Wednesday, July 8, 2009


On an adoptive forum I frequent, someone has posted a link to a petition in support of the Foreign Adopted Children Equality Act (FACES). The response has been enthusiastic, with forum members reporting that they have signed, and posted links to the petition on blogs, facebook, etc.

Meanwhile, Resist Racism has questioned various aspects of the bill, including its privileging of international adoptees over other immigrants to the US, its possible negative effects on adoptee's legal ties to country of birth, and its possible loosening of safeguards that screen adoptive parents. I have not had time to review the language of the bill, but Resist Racism's intelligent analysis has stood me in good stead in the past, so I am inclined to investigate further... (But, believe me, I am all for one part of the bill, which would allow internationally adopted children to become president.)

Also on the adoptive forum is a link to a petition in support of a Department of Health and Human Services regulation that supports lifting the immigration and travel ban on those with HIV. This is particularly relevant to US parents who plan to adopt from Africa, because adoption of HIV-positive children is becoming increasingly common. (Adoption of an HIV-positive child currently requires a waiver). Disturbingly, however, this petition is getting very little attention. I can't help wondering why? Why all the support for the one, where there seem to be legitimate concerns, but little support for the other, which, from a human rights point-of-view alone seems hard to argue with?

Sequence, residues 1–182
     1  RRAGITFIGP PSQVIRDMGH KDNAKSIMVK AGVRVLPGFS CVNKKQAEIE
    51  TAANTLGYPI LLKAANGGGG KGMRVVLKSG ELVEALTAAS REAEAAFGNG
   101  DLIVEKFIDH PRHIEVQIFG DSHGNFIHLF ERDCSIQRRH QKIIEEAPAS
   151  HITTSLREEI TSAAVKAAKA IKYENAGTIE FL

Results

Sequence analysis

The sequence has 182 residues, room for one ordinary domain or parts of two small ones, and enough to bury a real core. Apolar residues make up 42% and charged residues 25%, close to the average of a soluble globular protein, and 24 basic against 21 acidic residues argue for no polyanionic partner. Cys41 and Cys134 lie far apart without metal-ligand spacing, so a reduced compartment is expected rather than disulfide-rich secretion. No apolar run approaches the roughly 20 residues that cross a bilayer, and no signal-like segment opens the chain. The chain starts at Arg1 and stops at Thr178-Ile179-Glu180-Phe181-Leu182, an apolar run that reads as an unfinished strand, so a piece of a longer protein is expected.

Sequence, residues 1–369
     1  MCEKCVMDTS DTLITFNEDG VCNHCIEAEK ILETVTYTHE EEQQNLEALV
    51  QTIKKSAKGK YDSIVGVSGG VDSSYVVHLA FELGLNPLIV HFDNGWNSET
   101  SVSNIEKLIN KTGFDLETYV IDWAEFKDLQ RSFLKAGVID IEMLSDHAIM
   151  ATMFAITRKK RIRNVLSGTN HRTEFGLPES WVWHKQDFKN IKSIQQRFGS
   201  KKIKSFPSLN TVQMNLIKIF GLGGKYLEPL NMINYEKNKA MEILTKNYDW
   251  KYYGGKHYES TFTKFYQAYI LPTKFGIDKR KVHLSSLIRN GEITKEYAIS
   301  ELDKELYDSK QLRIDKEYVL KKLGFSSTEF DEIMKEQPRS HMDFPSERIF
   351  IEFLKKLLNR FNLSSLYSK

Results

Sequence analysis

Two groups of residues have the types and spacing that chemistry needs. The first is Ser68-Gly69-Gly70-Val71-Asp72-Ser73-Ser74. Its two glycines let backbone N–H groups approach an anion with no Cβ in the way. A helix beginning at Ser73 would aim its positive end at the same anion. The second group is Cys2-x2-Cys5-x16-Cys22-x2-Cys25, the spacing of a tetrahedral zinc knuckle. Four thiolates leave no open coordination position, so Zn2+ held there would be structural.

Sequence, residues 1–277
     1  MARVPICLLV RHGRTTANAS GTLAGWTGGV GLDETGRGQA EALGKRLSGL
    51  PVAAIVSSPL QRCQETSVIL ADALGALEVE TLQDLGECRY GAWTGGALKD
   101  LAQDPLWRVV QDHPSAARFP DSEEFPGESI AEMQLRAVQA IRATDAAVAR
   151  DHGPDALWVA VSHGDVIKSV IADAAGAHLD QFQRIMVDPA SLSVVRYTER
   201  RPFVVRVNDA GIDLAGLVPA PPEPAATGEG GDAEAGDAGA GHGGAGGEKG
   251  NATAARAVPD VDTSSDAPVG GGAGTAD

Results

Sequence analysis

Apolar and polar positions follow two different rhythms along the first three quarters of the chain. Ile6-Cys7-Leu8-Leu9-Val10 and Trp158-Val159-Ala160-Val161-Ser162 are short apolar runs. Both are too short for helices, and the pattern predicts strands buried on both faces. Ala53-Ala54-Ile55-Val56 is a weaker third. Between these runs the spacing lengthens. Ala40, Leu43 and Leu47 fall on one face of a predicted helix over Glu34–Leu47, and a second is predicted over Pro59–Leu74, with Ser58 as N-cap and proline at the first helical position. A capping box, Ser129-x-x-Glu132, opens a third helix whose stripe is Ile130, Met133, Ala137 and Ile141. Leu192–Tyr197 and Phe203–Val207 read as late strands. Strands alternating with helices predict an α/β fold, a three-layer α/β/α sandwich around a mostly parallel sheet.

1 comment:

  1. I just read the whole bill, and it seems to sufficiently answer any of the concerns of Resist Racism -- it does not ignore, diminish, or in any way replace the birth history of a foreign born child, it just allows them to be considered a life-long citizen (citizen from birth) once they are adopted by US citizens. They still will have an original birth certificate, medical history, etc. in their birth country. This offers the child the opportunities as any other American child. Otherwise, they enter on an immigrant visa and can obtain citizenship but never the full rights of a citizen born to US parents. It basically says "you're parent/parents are Americans so you are too, period". It does not take away requirements for BCIS and other criminal background checks -- just transfers all the decision-making to the Department of State, removing immigration offices from the process. It makes a lot of sense.